Fujifilm Acros 100 in D76 1+1

Been wanting to shoot more B&W film this summer. I recently gave Silvermax a try but somehow that didn't work for me. I'm sure it would've if I gave it a bit more thought or tried their dedicated developer. But! Silvermax is not readily available in Japan. There's only one online retailer in Japan that sells this film and it's out of stock right now. It's summer and I wanna shoot. So this didn't work for me and I decided to give Acros a try. 

Acros is readily available in Japan and it's cheap (585 yen/roll) . I know Fuji recently announced the discontinuation of Acros but it is still available now. 

I decided to just stick to D-76 1+1 for my developer. I expect to shoot this film only in harsh contrast on sunny days anyways.  

Basic Test: 

  1.  Find rough developing time
  2. Shoot test shoots at different EI
  3. enlarge test shoots onto paper and pick best one.  

 

 bracketed test roll exposed at different EI settings for N, +3, -4. We are looking for a set of the frames where the -4 exposure barely starts producing density on the film. The +3 exposure should be nearly black. Anything greyish here would mean underdevelopment and probably a low contrast final photo. 

bracketed test roll exposed at different EI settings for N, +3, -4. We are looking for a set of the frames where the -4 exposure barely starts producing density on the film. The +3 exposure should be nearly black. Anything greyish here would mean underdevelopment and probably a low contrast final photo. 

 blank piece of film enlarged onto paper to determine min time for max blacks. 2s, 4s, 6s, 8s, 12s etc. Around 12 seconds we're reached max black. Longer exposure will not give deeper blacks. This means that exposing my negatives onto this paper for 12 seconds should be enough to give nice deep blacks.  

blank piece of film enlarged onto paper to determine min time for max blacks. 2s, 4s, 6s, 8s, 12s etc. Around 12 seconds we're reached max black. Longer exposure will not give deeper blacks. This means that exposing my negatives onto this paper for 12 seconds should be enough to give nice deep blacks.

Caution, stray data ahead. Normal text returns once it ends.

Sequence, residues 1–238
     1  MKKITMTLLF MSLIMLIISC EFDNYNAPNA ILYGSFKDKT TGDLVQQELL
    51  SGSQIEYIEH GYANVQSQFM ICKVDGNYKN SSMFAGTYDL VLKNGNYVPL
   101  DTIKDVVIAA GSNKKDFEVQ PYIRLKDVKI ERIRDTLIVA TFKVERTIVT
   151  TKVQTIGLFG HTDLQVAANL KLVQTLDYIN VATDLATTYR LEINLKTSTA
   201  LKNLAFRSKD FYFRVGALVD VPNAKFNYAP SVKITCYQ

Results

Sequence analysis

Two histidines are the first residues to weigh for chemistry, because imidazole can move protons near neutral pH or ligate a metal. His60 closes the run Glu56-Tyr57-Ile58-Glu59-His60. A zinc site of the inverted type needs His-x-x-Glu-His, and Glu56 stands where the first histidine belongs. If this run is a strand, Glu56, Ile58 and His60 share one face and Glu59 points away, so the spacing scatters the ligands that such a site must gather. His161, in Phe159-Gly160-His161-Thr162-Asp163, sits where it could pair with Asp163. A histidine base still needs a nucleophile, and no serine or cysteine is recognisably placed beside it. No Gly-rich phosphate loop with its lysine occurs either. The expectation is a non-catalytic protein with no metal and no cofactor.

meter at 100 ISO, +3 stops over exposed frame enlarged onto paper to determine dev time. top: 11'15", center: 10'30", bottom 12'30". Here we are exposing the near black super dense negative onto paper. Right half is covered up completely and hence purest white the paper will produce. The left side is the dense negative at 12 seconds. This should be dense enough to barely produce any tone onto the paper. Just a shade away from white is what we are looking for. Anything darker here would mean low contrast final results. 

meter at 100 ISO, +3 stops over exposed frame enlarged onto paper to determine dev time. top: 11'15", center: 10'30", bottom 12'30". Here we are exposing the near black super dense negative onto paper. Right half is covered up completely and hence purest white the paper will produce. The left side is the dense negative at 12 seconds. This should be dense enough to barely produce any tone onto the paper. Just a shade away from white is what we are looking for. Anything darker here would mean low contrast final results. 

 bracketed shots at 150ISO, 100, 75, 50, 32, 25 top to bottom, left to right. All exposed at min time for max blacks (12 sec here) with grade 2 filter. These pictures prove the theory. Too dark means underexposed. Too dense highlights mean too much development. 

bracketed shots at 150ISO, 100, 75, 50, 32, 25 top to bottom, left to right. All exposed at min time for max blacks (12 sec here) with grade 2 filter. These pictures prove the theory. Too dark means underexposed. Too dense highlights mean too much development. 

As you can see from the above tests, this film works best at an exposure beteeen 75-100 ISO.  At 100 the final print is too dark. At 75 I get prints that don’t look dark anymore and at 12:30 mins developing time I get nice contrasty highlights without the need to burn anything in. 

This film is very fine grained in D76 1+1. Maybe a little too fine grained for my taste. I usually only print on 5x7 and at this size the film just looks too clean. For bigger enlargements it is probably a nice choice. If that works for you I highly recommend this film. Get it while you can. Fuji stopped making B&W films and it’s only a matter of time until the current stock runs out. This is the end of a long era. Fuji Neopan films were superb!